A recent Sony patent application identifies a problem many console gamers may be able to identify with when moving between consoles: “To log in to their account a user is often required to enter a password, which may be seen by other users. Moreover, once a user has entered their password, a situation arises where the user remains logged into their account unless the user subsequently performs a log out operation, which can result in other user’s [sic] potentially obtaining access to the user’s profile.”
Luckily, Sony’s patent application for an “apparatus, system, and method of authentication” also offers a solution: a new method for “determining an identity of a user holding a handheld controller” by detecting and analyzing that user’s unique “manipulations of the controller.”
The full patent application, filed by Sony in February and published by the US Patent Office late last week (and first unearthed by SegmentNext), details how this detection system would rely on measurements of the controller’s position, orientation, and the “closed or open state of a pressure sensitive switch” (i.e. pushing the controller’s buttons). Analyzing how these values change over time for different users during standard gameplay can provide a unique signature, the patent suggests, which can be recognized the next time they pick up a controller.
By way of example, the patent suggests that, for a certain player, “the left-hand side of the controller may be slightly elevated with respect to the right-hand side of the controller” on average. For another, “the user’s height may mean the user has a tendency to hold the controller at a certain vertical position.”
The way players move a controller over time also feeds into the detection algorithm. “Some users may have a greater tendency than others to move their arms and hands while using the controller,” the patent says. The method may also be able to detect unique “small variations (micro variations) in accelerometer and/or gyroscope readings indicative of certain motions of the controller when operated by a given user.”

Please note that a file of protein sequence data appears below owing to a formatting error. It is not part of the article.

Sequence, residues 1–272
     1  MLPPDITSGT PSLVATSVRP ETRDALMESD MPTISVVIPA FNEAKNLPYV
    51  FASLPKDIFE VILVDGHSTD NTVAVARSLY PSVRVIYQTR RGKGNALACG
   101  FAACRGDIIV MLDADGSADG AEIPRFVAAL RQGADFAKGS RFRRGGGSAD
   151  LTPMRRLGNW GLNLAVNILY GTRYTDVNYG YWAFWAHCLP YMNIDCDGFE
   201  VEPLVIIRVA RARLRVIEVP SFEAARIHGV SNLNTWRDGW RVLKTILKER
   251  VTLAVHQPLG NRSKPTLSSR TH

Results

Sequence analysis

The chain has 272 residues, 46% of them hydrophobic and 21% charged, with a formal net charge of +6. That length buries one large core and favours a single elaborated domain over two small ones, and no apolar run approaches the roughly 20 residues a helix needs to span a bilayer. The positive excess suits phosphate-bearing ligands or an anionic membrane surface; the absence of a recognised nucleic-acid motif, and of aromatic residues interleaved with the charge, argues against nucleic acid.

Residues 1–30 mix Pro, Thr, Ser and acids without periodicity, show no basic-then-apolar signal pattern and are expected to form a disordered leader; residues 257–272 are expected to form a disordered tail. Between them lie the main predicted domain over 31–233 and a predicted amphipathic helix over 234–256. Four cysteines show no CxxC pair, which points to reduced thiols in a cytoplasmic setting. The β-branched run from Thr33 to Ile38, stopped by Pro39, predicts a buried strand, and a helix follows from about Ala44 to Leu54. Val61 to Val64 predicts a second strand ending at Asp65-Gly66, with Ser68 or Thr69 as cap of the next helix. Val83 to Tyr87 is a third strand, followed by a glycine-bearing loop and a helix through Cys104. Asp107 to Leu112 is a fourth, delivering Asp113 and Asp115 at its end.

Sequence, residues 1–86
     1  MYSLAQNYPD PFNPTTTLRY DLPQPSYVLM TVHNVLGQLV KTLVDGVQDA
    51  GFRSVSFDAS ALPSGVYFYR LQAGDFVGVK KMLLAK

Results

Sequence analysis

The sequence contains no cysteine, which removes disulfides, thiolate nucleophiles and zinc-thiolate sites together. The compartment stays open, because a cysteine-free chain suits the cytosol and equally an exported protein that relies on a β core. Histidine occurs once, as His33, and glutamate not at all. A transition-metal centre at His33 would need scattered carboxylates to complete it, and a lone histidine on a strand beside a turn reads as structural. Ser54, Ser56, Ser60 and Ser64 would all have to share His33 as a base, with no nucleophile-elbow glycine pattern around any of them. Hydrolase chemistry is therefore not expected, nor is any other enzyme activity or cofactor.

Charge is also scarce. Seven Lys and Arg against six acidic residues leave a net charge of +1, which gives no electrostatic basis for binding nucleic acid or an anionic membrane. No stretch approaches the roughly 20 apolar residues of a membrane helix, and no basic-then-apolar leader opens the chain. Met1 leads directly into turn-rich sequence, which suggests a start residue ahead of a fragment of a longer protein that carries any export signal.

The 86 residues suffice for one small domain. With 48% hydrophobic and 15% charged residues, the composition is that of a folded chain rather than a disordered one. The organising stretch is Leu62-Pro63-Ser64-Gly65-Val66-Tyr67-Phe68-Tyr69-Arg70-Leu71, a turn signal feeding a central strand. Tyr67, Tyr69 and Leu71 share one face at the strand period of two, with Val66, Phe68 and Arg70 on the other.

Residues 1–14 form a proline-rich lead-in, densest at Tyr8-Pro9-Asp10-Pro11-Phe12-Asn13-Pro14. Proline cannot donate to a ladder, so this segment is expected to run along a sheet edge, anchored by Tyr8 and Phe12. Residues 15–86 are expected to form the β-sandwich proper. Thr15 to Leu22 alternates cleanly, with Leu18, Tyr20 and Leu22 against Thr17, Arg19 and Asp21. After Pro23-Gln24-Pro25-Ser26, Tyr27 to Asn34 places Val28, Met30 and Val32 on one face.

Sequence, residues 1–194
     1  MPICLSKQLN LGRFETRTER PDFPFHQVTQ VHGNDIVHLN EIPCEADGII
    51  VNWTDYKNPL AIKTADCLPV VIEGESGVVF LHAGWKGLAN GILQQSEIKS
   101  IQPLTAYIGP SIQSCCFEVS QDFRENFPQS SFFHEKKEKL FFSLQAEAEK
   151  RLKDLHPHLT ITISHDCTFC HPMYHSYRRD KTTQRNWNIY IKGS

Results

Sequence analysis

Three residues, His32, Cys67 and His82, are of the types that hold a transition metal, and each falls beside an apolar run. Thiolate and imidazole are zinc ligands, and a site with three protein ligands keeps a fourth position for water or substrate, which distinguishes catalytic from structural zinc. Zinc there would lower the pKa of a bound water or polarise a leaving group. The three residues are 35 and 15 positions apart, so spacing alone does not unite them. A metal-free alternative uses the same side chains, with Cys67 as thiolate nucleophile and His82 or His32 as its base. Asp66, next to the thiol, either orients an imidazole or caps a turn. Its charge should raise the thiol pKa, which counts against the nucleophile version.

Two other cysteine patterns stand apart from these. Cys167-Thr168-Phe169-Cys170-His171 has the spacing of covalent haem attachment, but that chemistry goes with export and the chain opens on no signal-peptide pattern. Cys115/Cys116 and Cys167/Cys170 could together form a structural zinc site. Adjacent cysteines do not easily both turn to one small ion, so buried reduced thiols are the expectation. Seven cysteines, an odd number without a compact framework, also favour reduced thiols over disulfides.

How it works
The raw data for Sony’s patented detection method could come from any number of sensors, including gyroscopes, accelerometers, and/or magnetometers (as found in the DualShock 4); lights tracked by a camera (à la PlayStation Move); and/or a head-mounted display (à la PlayStation VR). The data could even come from peripherals external to the actual controller, the patent suggests, such as “a wristband or armband” that tracks the user’s movement.
During gameplay, the patented system would use these sensors to measure the controller’s position, acceleration, angular velocity, orientation, motion, and the precise length of time the player pushes the controller’s buttons. The algorithm then calculates summary statistics (e.g. minimum, maximum, mean, median, variance, standard deviation, deciles, etc.) for all of these values, thus creating a profile of how that user generally manipulates the controller.
When an unidentified user picks up a controller later, the system analyzes the same controller movement data over a series of short “time buckets.” That data is then compared with the universe of known users (either locally or potentially over a server) to determine a “degree of match” for each known profile. That value is based on which combinations of data points are unique enough to distinguish that user from “the plurality of users.”
If the degree of match surpasses a certain “confidence threshold,” the system can automatically log the user in to the matched account or provide an on-screen prompt to do the same.
The patent suggests the detection algorithm could run periodically throughout a play session to detect when a controller gets handed off from one player to another, for example, or when a user picks up a controller from a table while the system is idle. When the controller is put down, the system could also immediately log the detected user out.
As with all patents, there’s no guarantee this system will ever make it into an actual marketed product, much less the upcoming PlayStation 5 DualSense controller. Based on the patent alone, it’s not even clear how far along Sony is in implementing this idea, or how accurately and quickly it would work in real-world scenarios.
Still, in a world where password-free identification methods like FaceID and fingerprint sensors are becoming standard on mobile phones, it would be nice to see some technology to smooth out the console login experience. Let’s just hope Sony keeps user privacy in mind if and when this idea does roll out to the public.
(Update: The original version of this story suggested that the patent had been approved by the USPTO, when it had actually just been published. Ars regrets the error.)
Listing image by Sony / USPTO